Young Windsor ‘Hackers’ Learn What Makes Appliances Tick
A fan, toaster oven, paper shredder and radio are among the appliances unscrewed, pried apart and hammered to pieces by kids and their parents at the Hacker Space program at the Windsor Library yesterday. (Valley News - James M. Patterson) Purchase photo reprints »
David Townsend of Windsor assists his daughter Michelle, 9, as she disassembles a zip disk drive during Hacker Space at the Windsor Library yesterday. The program allows youngsters to take apart appliances to see what makes them work. (Valley News - James M. Patterson) Purchase photo reprints »
Windsor - Sarah Tufts, for the past few weeks, was on something of a mission. As visitors arrived at the Windsor Public Library, she’d ask them, as well as her colleagues: Do you have anything old?
Some did, and donated doomed appliances. Tufts, the youth librarian, threw in a couple of her own, plus a few nonfunctional devices that were sitting in the library.
So began the first Windsor Public Library Hacker Space, a free, kid-friendly offshoot of the so-called “hackerspaces” that exist worldwide. Such events have nothing to do with the computer hacking. Instead, they’re generally havens for tinkerers, open-access workshops for people who like technology or art and want to work with others who share their interests.
Although there are no hackerspaces in the Upper Valley, there are three in the Twin States, according to listings on www.hackerspaces.org, such as MakeIt Labs in Nashua, N.H. The small-fry version at the library yesterday was populated by 10 youngsters, most of them around 10, plus or minus a couple of years.
Of course, the name of the program was a bit confusing at first. When Asa Carlson, 11, first saw the program, he thought he would be learning how to break into computers run by the federal government.
“Only at your library,” Tufts mused.
But Asa said he was happy with the appliance graveyard in the library’s children’s room yesterday, which was full of old, discarded pieces of technology ready to be dismantled. There was a toaster that, once plugged in, wouldn’t shut off. There was a heap of zip drives made obsolete by an onslaught of newer, better technology.
There was a pair of hot plates that looked a bit like a turntable but was mistaken by some children for a CD player, and an old, LED-number alarm clock. There was a handheld game made years ago, long before phones and tablets took over.
Alex and Michelle Townsend zeroed in on the lid of a hopelessly jammed paper shredder, brought it to a nearby table and took to it with screwdrivers. Eventually, with help from their dad, Dave, they found a gear that wouldn’t turn, thereby diagnosing the problem.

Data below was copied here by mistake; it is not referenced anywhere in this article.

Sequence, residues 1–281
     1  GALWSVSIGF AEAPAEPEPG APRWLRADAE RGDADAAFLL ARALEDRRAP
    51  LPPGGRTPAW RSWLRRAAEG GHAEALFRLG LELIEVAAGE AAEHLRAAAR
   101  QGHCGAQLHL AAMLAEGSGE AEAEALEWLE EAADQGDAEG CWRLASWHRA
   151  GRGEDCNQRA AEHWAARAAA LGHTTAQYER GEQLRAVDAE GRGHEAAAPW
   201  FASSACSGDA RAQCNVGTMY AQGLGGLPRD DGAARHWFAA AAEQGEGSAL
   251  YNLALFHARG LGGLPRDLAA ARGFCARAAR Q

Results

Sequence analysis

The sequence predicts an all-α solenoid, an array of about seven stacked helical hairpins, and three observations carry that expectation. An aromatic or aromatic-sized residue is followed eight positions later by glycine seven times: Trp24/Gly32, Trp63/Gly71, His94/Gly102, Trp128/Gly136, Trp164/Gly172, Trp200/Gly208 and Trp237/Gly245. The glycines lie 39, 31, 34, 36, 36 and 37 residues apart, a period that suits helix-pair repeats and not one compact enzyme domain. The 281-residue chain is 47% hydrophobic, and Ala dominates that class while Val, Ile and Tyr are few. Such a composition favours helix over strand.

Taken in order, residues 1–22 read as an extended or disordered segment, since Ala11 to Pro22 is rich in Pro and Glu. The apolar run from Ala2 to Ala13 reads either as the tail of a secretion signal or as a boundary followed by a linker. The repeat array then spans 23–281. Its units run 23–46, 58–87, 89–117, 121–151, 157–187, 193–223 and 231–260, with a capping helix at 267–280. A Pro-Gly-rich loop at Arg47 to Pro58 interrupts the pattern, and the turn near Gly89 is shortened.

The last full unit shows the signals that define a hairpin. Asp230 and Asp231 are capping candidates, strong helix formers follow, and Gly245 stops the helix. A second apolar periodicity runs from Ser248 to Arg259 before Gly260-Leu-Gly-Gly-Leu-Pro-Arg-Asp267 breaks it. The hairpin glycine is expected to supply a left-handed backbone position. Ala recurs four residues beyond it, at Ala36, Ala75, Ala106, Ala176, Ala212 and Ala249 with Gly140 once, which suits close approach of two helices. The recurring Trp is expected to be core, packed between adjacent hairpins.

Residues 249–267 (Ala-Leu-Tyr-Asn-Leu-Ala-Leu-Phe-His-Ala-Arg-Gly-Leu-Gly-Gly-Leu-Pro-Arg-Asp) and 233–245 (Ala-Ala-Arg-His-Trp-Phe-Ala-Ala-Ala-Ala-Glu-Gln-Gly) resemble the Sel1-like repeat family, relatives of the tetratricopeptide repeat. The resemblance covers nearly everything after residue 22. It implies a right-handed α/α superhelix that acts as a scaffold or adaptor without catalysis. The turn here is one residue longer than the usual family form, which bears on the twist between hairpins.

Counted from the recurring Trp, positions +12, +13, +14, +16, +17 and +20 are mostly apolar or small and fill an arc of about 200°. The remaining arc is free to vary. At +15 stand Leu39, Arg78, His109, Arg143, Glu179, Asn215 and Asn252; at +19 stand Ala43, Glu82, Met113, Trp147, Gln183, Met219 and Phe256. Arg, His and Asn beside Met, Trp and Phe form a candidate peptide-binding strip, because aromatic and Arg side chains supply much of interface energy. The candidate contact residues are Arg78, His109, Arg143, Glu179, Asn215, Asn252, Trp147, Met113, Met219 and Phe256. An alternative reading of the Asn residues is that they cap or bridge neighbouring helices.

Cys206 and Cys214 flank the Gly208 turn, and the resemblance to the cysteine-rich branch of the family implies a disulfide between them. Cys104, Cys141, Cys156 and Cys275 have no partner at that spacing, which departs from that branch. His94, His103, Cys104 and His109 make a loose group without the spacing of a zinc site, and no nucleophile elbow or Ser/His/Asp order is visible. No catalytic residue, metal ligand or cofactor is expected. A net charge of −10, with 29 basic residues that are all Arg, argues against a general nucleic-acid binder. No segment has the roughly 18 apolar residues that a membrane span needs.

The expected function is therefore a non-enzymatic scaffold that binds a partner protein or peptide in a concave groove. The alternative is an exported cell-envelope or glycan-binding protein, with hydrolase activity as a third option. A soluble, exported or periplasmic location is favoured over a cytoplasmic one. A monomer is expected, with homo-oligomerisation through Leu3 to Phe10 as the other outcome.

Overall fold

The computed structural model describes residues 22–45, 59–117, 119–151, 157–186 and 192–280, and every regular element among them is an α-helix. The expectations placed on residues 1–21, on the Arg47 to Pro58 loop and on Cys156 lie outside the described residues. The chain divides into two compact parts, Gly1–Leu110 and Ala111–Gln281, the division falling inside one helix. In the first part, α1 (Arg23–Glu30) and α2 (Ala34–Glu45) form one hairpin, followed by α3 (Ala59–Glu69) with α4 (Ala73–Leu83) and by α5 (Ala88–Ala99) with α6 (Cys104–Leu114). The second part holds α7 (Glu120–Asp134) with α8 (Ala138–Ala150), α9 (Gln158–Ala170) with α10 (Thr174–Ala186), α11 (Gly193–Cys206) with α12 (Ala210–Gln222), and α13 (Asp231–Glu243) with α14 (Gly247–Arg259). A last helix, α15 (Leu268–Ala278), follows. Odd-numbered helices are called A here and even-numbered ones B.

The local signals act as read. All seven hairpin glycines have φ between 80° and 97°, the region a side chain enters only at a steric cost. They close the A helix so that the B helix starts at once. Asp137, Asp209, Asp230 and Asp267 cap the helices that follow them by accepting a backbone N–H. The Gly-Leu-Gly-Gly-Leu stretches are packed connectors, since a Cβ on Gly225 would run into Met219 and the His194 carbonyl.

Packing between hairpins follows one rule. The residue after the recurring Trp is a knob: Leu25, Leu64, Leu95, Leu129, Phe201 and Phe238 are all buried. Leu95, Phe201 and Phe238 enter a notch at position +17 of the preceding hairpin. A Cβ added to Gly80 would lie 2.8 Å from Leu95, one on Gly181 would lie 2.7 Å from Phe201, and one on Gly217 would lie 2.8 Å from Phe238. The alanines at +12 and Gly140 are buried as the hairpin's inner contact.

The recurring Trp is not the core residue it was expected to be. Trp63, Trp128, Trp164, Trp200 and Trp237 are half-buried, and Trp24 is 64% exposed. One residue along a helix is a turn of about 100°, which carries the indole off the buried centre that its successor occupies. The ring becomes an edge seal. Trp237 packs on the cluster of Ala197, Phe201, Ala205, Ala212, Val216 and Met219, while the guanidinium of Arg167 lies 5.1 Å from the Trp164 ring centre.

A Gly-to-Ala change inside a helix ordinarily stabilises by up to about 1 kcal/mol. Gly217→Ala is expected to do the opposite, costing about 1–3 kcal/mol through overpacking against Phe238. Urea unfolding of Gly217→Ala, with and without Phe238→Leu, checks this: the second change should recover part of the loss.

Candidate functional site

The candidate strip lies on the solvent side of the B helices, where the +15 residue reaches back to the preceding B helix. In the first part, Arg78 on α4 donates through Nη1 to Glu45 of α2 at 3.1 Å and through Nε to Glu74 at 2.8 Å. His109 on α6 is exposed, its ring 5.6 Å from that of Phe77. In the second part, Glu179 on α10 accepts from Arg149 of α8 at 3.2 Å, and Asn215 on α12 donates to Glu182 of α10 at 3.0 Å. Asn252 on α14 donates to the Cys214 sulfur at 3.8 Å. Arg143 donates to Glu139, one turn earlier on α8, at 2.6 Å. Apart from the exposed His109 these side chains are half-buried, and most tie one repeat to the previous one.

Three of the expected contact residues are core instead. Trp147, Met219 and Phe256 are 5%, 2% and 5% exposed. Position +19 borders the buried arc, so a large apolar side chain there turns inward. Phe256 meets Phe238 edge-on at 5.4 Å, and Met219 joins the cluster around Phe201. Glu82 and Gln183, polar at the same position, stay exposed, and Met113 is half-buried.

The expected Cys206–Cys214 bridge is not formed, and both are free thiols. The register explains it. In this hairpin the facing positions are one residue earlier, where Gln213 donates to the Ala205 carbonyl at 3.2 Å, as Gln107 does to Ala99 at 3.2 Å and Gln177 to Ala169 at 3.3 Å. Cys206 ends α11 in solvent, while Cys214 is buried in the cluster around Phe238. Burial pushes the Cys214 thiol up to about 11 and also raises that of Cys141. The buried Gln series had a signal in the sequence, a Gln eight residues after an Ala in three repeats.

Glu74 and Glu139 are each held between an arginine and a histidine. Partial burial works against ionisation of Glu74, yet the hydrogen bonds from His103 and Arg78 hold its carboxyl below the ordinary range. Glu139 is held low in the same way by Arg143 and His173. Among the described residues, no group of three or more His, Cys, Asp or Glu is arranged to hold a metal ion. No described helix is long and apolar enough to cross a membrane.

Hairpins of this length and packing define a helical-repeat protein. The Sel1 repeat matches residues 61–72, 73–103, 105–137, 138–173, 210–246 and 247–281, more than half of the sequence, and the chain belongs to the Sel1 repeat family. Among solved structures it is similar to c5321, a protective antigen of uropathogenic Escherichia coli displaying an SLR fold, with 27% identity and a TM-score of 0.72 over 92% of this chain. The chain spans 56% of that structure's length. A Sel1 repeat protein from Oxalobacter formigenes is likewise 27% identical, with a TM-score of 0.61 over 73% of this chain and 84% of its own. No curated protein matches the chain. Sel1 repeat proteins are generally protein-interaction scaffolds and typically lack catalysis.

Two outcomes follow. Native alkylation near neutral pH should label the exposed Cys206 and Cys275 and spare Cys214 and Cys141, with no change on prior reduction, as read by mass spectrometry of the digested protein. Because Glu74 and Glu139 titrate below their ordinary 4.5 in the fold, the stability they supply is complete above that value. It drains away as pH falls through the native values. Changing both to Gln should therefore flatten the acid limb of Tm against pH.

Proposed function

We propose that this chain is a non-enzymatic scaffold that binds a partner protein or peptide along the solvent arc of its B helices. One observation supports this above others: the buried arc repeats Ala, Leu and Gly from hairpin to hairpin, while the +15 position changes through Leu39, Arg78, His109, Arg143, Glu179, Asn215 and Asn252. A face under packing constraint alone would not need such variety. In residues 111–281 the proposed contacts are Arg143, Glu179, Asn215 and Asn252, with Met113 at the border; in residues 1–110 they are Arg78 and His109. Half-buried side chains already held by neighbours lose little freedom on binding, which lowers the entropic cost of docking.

Meanwhile, Nick Doiron, 12, sat on the ground, inspecting a computer chip he removed from a CD drive while holding the tray in his other hand.
“I just kind of like finding the insides,” he said.
A few feet away, 10-year-old Justin McKenrick marveled at the toaster oven he and a few friends demolished. Its two cooling fans had been removed, and the only part still resembling a toaster was its rectangular metal chassis.
“This is not coming back together,” Justin said.
So when, exactly, would the destruction of the toaster be complete?
“(When it’s) completely, entirely in parts,” he said. “ Like they were about to build it.”
After about an hour of methodical disassembling, during which the kids carefully unscrewed lids and pried apart plastic encasements with wedges, impatience began to settle in.
Pliers were put down. Hammers were picked up.
When the ruckus quieted, detached cords and plastic shards covered the floral-print sheet used to protect the floor.
Tufts said most of the refuse would be brought to WinCycle for recycling, and the rest would be kept in a box for future use, like, say, a day of sculpturing using found parts from annihilated appliances.
Tufts wasn’t sure when the next Hacker Space might take place, but figured the positive response meant it was worth doing again. Maybe, for the next go-round, she would consider bringing in one or two large appliances for the kids to work on as a team. Maybe they can work outside next time, she said.
Beth Carlson, who is on the board of directors of the Friends of Windsor Library, has a broken-down washing machine.
Maybe, Tufts said, the prodigious tinkerers can disassemble that.
Jon Wolper can be reached at firstname.lastname@example.org or 603-727-3248.